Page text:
Heavenly Hard Rolls

Heidi Hoerman Recipe

By Heidi Hoerman heidicookssupper

Prep Time:
Cook Time:

Hard rolls, those with soft, pillow-y insides and crunchy-chewy crusts are difficult to find outside the older cities of the North and East. As independent bakers become harder to find, so do the rolls.

These rolls are best made with a "00" Italian bread flour like Pivetti Rinzfornato 00. Many such flours are only sold in large bags to bakeries but a variety of internet vendors now repackage these in quantities more likely to meet the needs of home cooks. I got this flour from nybakers.com.

This recipe uses two techniques that may be new to most American home cooks and I'm a recent convert. Both of them are actually quite easy to master.
First is using a scale and metric measurements to apportion ingredients. Second is using a stretch-and-fold technique instead of kneading.

An inexpensive digital kitchen scale from a discount store is a wonderful thing to have in the kitchen both for weighing ingredients for bread and for controlling portions for your family. Look for a scale with a "tare" button that allows you to set the scale back to zero when you put an empty bowl on it.


700 g
pivetti 00 rinzfornato flour or other fine bread or pizza flour
12 g
8 g
instant yeast
490 g
egg whisked with about 1 teaspoon water
poppy seeds, sesame seeds, or other topping if desired.

Directions Step-By-Step

In a large bowl, mix dry ingredients. Stir in water with a spoon until a ragged mass forms and all lose flour is incorporated but don't worry too much about lumps -- similar to mixing biscuit dough. Cover with a damp tea towel and let sit at room temperature for 45 minutes.
On a lightly oiled surface, do one stretch-and-fold, working in or discarding any remaining dry lumps of flour, return to bowl, cover and let sit 45 minutes.
STRETCH-AND-FOLD INSTRUCTIONS: lightly oil a flat surface about 12" x 18" in area. Flop the dough out of the bowl and onto the oiled surface. Use your hands to stretch or gently press the dough into a rectangle. Fold the rectangle of dough in thirds as you would a piece of 8 1/2" x 11" paper to put in a business envelope. Then fold in thirds again the other way. Flop the resulting roll of dough back into the bowl. With each successive stretch-and-fold, the dough with develop more gluten and be harder to stretch.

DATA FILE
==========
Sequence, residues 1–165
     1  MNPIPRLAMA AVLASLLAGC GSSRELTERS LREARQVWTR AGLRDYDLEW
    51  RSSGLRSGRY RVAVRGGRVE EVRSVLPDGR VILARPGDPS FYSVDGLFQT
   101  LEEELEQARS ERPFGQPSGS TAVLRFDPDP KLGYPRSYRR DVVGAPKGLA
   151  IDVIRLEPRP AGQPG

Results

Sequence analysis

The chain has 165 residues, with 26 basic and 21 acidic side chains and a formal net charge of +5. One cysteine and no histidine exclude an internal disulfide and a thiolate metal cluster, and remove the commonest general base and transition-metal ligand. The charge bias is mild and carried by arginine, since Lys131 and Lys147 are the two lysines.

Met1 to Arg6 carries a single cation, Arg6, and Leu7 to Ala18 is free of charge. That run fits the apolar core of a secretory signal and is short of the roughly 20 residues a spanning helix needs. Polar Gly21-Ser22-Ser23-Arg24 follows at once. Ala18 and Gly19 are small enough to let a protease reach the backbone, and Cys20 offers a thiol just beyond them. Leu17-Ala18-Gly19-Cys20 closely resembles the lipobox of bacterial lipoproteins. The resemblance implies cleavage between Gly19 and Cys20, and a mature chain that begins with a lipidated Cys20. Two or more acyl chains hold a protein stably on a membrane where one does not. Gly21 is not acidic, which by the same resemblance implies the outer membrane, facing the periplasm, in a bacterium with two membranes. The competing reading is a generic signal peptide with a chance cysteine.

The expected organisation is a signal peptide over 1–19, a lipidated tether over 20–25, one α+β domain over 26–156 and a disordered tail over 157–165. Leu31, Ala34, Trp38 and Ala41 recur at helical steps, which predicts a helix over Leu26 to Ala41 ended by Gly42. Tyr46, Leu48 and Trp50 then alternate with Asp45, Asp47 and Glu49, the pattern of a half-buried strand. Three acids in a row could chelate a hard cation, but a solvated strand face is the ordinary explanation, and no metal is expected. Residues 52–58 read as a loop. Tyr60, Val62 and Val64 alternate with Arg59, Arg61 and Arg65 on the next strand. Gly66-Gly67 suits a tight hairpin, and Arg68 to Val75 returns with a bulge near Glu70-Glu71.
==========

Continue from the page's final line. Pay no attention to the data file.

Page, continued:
Do a second stretch-and-fold, return to bowl, cover and let sit 45 minutes.
Do a third stretch-and-fold, oil the bowl and return the dough to it, cover and let sit 45 minutes.
Divide into 12 equal pieces. (The scale can again be useful here.) Gently shape into balls and place on parchment paper lined baking sheets for eventual baking. Let rest another 20 minutes.
Preheat the oven to 375F and make the egg wash by whisking the egg and 1 teaspoon of water together.
Paint the rolls with an egg wash and optionally, sprinkle with poppy seeds, sesame seeds or other garnish. Wait 2 minutes and repeat egg wash and poppy seeds. Optionally, score a cross in the top with a very sharp knife for decoration.
Bake for 35 minutes or until they are golden and the interior temperature is 200F. Flip upside down or place on a rack to cool thoroughly before eating.

About this Recipe

Course/Dish: Other Breads
Hashtags: #Rolls, #chewy, #hard, #kaiser

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Dec 2, 2012 - Heidi Hoerman shared this recipe with discussion group: Just Yeast Breads, Sweet yeast bread and Rolls
Heidi Hoerman heidicookssupper
Aug 7, 2012
Glad you like them, Linda. I just think about the metric being random numbers on the scale -- then it's easy. It's also really easy to make the recipe bigger or smaller with just a calculator. I'm a total convert for bread making. Not for anything else, you understand. LOL
Linda Mulvihill LindaAnn1
Aug 7, 2012
Mmmmm very very delicious!! Love the consistency! Was easy to make after I got over the Hairy Scary Metrics!! I will definitely make this bread again! Thank you for the yummy recipe!
Heidi Hoerman heidicookssupper
Jan 9, 2012
Delphia, I just realized that I left the oven temperature out of the recipe so I've now put it in. It's 375F at sea level. Don't know about high altitude. I do remember those couple of years I lived at 5000 feet being confounded by the changes in how to cook.
Pam Ellingson wmnofoz
Jan 9, 2012
Delphia, Just saw your post, but thought I would give you this information just for your records. Others might like to have it too.